The protagonist, unusually, is an anesthesiologist. And the story begins with a patient, the wife of another doctor in the same hospital, dying on the operation table before the first incision is made. Perfectly healthy woman in for a routine cosmetic surgery – perfectly healthy one minute and dead the next instant. Intrigued? You should be. “Where Death is a Hunter” is a superlative medical thriller that will keep you up all night because you just have to, have to know what happened to Debora Thein (the patient who dies).

The book is a first-person narrative by Dr.Hannah Fatier, our thirty-two year old protagonist. The death in the operating room is blamed on Hannah and there is irrefutable evidence to prove the mistake she committed. Forced to resign from her job, Hannah seeks comfort in her friend and ex-fiance who is a cardiologist. And just when she is picking up the pieces of her life and finds nirvana working at a clinic for the poor, comes the second blow – she gets sued for medical malpractice by the husband of the patient that she allegedly killed. The lawyer assigned to work her case promises to help her settle the case, until they find out something about the patient’s death is very amiss. Will Hannah be exonerated from the wrongful death of the patient? Was it really a mistake in the operating room or something far more sinister than that? The truth is unraveled in the rest of the story and ends brilliantly.

The author is a doctor himself and it shows in the details that have gone into the story. But at the same time, it is not stuffed with too much medical jargon to confuse the reader – it has just enough technical details to make the whole thing very real. I enjoyed reading this cleverly written thriller and am certain it will create ripples when it releases.

Who should read it: Anyone who enjoys a taut thriller – even if you are not overly fond of medical thrillers, you will enjoy this one thoroughly.

What it is not: No cliched cadaver-in-the-morgue scares or such in this one – it stays quite credible from cover to cover.

Overall rating: 5stars

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Review of Disconnect by Alistair Haddow

“We can’t live our life through a screen”

Disconnect is a quirky short story about a college .Disconnectstudent who romanticizes the idea of running out into the free world with the girl he loves. The author has tried to bring out an underlying theme of this generation’s addiction to electronic gadgets and so-called social media. Will, the protagonist and the narrator (the story is a first-person narration) feels bound and suffocated by the amount of time people spend on these tethers. He is hopelessly in love with his girlfriend, Nadia.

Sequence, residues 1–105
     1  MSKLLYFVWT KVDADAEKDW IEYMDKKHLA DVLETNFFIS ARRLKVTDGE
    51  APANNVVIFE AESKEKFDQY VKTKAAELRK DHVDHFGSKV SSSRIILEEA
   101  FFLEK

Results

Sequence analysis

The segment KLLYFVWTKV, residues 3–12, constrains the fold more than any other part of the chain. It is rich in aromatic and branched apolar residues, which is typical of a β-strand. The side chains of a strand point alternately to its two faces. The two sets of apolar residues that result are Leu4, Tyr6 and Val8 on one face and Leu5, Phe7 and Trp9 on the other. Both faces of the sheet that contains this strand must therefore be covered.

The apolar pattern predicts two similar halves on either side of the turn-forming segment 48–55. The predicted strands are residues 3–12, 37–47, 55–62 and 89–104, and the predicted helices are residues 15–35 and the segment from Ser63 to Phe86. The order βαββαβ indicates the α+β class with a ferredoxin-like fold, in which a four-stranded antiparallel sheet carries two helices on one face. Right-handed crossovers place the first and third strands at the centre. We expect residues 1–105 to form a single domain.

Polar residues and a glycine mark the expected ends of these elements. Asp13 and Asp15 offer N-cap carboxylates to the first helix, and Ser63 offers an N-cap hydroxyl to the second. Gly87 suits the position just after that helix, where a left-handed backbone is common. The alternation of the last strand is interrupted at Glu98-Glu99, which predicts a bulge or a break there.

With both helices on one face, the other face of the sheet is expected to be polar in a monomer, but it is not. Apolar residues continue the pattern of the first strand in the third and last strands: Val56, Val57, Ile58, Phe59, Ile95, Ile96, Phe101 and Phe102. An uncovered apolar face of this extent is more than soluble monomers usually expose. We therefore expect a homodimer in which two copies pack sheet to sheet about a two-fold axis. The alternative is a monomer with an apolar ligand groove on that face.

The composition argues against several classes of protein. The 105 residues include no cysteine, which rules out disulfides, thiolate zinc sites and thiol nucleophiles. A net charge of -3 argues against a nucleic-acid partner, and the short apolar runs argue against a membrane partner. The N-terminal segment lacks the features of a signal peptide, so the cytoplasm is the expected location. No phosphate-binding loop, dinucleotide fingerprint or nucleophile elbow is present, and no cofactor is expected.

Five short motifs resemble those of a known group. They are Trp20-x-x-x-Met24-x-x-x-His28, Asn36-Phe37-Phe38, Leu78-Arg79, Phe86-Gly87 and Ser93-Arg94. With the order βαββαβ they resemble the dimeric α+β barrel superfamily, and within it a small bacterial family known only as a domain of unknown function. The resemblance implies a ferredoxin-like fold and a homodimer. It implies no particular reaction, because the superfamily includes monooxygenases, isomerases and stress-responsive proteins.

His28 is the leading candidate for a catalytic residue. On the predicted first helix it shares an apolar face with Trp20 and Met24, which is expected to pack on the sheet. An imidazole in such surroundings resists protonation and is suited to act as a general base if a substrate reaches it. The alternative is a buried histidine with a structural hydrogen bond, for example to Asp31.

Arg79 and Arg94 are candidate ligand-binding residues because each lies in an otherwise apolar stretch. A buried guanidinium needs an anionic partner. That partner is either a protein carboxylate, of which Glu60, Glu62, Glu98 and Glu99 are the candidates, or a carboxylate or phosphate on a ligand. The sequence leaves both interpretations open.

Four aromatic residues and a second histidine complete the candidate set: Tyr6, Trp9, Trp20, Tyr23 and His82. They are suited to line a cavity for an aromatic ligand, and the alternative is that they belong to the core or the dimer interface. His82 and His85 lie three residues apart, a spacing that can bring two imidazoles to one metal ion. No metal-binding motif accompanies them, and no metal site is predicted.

Will finally snaps when he and Nadia sit down to watch a movie and end up spending the entire time fixated on their electronic gadgets. He plans a break from everything including school and bounds out the door. He finds Nadia and pleads with her to leave with him. More of a realist, Nadia is reluctant but after some persuasion she relents and the two of them head out into the South African wilderness. They drive without a destination in mind – something that I am sure many people feel like doing in this madness that is the twenty-first century. They find a small Bed and Breakfast and enjoy the free-spirited adventure. But, how long can they keep that up? Doesn’t everyone eventually need money? Funny twist to the ending.

Who should read it: While it might appeal to young-adults and teens, it is a light enough read for anyone.

What it is not: Not your typical short story.

Overall rating: 3stars

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Review of Cry of the soul by Narendra Simone (Reviewed for bookvetter.com)

cryofthesoulCry of the soul is a quick and fun read that gives you a glimpse of the politician-poacher nexus and the horrendous corruption that plagues Africa. It gives a fleeting glimpse of the strange contrast of wild beauty and meaningless cruelty and conflict that defines the continent. The book does have some bit of a “whodunit” mystery to it in a very James-Hadley-Chase-esque kind of a way.
The story is about a CIA agent who is brutally murdered in the jungles of Africa and an FBI agent who sets out to find the killer. The book is a bit short on details, so all you get is a bird’s-eye-view of the great continent and its alluring jungles. Matt, the protagonist, plots to hunt down a notorious poacher who is the main suspect for the CIA agent’s slaying. Will he be able to bring down the poacher who is aided by powerful forces or is there a twist in the tale?

Who should read it: Anyone Looking for a quick and light read – perhaps on a short-haul flight?

What it is not: While a quick read can be fun, avid readers like the details.  Cry of the soul flies a bit on the surface and doesn’t go too deep into any aspects of the story, making it in some ways too simplistic for the sophisticated reader.  Also, while the author has done great research on Africa and its geo-political landscape – I am not sure the hero and his background is very convincing. For instance, since when do FBI agents carry out operations on foreign soil?